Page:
May It Always Be Like This: Final Casper Art Walk of the Season Proves There’s Healing in Art
If the final Casper Art Walk had one theme this month, it would be this: art brings healing.
This is true regardless of the medium, whether it's with paintings, with music, with portrait - even with quilts.
Take, for instance, Yong Hui Torske and her exhibition at ART 321. When Torske's husband, Irvin, passed away, she chose to express her feelings - the good and the bad - by creating various quilts, each of which told a different story about her journey through her grief.
"During the months he was in the hospital, she felt surrounded by the beasts of his illnesses, the traumatic environment of the ICU, the constant emotional shifts between hope and despair that fluctuated with hourly updates, and persistent fear and worry," her exhibits description read. "However, she found moments peace by appreciating the tiny bits of beauty around her: a photo of tulips that reminded Irvin of their garden and discussing their hope that he would see them again in the spring; a lone rooftop Christmas tree someone decorated and they referred to as 'their Christmas tree;' a Monet exhibit; the Denver Botanical Gardens and its Christmas lights display; many beautiful sunrises and sunsets that they watched together from the hospital window, a peaceful painting at the hospice."
And so on.
When the worst thing in the world happens, we're faced with a choice - we can either ignore it and run away, putting up every barrier that we can to keep our pain as far away as possible, or we can face it head on. The lucky ones among us are able to channel their pain and create art. That's what Torske did and the result was something...breathtaking.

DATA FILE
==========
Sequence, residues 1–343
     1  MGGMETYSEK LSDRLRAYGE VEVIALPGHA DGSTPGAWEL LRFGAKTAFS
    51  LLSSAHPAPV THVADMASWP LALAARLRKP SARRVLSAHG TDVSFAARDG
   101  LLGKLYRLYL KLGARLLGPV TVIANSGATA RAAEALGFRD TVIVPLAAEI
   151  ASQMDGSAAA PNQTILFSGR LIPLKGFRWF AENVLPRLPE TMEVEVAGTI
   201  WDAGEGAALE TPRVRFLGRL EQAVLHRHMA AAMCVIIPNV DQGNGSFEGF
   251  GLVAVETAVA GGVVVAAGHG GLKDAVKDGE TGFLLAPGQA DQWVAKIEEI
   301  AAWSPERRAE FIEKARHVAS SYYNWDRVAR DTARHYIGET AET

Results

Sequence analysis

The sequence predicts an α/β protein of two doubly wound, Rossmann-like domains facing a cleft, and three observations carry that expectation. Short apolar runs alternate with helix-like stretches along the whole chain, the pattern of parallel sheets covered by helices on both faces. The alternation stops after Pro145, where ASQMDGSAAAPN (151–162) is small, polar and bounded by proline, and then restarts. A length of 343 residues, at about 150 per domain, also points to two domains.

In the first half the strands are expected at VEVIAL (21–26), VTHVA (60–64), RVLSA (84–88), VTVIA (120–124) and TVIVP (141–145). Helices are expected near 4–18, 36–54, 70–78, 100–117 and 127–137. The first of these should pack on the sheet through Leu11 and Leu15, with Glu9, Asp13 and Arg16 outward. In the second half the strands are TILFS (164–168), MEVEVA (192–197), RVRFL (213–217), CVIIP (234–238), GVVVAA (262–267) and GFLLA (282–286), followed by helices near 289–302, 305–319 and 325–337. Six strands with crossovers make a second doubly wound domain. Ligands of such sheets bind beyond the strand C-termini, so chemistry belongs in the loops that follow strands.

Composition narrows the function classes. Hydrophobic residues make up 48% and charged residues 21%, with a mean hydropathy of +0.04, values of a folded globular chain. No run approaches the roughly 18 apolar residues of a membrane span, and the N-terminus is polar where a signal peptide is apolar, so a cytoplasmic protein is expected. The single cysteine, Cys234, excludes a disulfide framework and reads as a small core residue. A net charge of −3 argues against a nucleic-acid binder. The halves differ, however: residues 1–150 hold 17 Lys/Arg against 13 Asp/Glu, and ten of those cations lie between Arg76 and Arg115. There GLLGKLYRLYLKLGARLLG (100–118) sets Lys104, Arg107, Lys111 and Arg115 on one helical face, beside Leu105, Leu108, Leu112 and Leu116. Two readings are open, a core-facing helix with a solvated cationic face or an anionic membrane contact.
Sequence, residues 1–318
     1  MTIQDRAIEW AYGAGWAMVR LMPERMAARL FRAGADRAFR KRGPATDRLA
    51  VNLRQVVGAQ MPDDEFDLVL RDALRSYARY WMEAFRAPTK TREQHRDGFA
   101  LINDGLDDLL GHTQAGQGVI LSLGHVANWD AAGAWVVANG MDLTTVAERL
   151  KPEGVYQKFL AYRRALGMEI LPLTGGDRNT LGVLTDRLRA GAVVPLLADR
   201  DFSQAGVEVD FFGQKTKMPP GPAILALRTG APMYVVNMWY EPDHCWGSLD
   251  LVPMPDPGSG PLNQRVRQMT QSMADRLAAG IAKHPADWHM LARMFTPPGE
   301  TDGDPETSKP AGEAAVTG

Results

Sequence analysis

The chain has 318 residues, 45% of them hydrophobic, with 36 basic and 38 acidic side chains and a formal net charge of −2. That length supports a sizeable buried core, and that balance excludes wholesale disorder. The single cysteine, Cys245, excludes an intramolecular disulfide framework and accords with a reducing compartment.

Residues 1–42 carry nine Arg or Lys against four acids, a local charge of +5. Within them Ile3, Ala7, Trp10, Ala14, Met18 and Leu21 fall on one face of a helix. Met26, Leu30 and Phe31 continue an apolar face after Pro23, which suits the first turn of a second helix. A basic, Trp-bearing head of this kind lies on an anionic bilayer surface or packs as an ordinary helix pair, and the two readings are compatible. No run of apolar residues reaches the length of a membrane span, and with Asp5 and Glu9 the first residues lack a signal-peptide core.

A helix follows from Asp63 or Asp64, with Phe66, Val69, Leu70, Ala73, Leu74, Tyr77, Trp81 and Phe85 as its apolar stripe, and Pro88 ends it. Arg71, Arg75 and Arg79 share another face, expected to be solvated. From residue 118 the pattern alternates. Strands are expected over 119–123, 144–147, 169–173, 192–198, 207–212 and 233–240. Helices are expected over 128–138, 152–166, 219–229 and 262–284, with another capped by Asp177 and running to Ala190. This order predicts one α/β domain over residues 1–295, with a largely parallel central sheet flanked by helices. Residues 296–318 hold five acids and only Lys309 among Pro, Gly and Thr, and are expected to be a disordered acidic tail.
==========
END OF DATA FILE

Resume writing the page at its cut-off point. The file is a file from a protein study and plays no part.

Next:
But hers wasn't the only example of healing through art.
Sarah Derrico is a realtor who also happens to be a phenomenal artist in her own right. She was selling her portraits as part of the Artist's Alley happening even further downtown and one of her portraits in particular showcased a woman who was absolutely healing from an unknown pain.
"This woman has been through a very trying period," Derrico said. "This [portrait] actually came out of the end of the COVID scene, so it was just a drawing of people being in surrender."
Derrico said the portrait represented humanity as a whole, and she believes that, after the last few years, all of us could use a little healing.
"It's therapeutic," she said. "I mean, just the textures and the colors - whether you're using black and white or whether you're using bright, vibrant colors - there is healing through that. And then it's also healing for the person observing it, you know?"
And, really, isn't that the point of art? To impact both the artist and the audience? That's exactly what happened on Thursday, whether it was at Art 321, David Street Station, in the Old Yellowstone District, or somewhere else entirely. Whether it was students of VIBES playing covers of Gotye, or a hometown legend showing off his vast car collection, Thursday proved that art can be anything that makes you feel, anything that brings you peace, anything that brings you healing.